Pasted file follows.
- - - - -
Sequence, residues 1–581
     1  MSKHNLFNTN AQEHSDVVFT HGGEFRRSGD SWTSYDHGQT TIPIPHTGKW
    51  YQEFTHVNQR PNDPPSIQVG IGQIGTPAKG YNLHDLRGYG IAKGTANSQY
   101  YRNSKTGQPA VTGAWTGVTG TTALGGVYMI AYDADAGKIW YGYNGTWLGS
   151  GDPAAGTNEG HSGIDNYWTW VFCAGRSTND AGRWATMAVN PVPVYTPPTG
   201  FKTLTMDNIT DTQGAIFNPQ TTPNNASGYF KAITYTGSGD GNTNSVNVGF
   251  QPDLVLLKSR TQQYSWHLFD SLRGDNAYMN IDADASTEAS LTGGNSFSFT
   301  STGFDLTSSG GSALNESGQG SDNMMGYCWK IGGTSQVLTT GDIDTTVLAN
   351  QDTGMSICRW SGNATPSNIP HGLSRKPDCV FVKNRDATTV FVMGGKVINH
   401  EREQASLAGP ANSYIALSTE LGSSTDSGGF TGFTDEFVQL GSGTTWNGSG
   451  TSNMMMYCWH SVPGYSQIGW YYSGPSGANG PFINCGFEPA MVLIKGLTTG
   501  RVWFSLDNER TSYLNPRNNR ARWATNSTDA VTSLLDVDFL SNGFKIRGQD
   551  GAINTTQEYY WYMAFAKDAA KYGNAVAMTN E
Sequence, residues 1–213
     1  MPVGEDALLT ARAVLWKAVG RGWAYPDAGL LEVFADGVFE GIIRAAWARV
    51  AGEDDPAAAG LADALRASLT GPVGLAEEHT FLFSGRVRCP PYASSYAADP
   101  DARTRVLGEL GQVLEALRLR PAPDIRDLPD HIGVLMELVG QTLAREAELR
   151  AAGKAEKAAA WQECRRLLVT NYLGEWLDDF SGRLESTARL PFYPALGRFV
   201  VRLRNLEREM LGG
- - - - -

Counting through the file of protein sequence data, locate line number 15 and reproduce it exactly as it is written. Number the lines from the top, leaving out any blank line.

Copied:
     1  MPVGEDALLT ARAVLWKAVG RGWAYPDAGL LEVFADGVFE GIIRAAWARV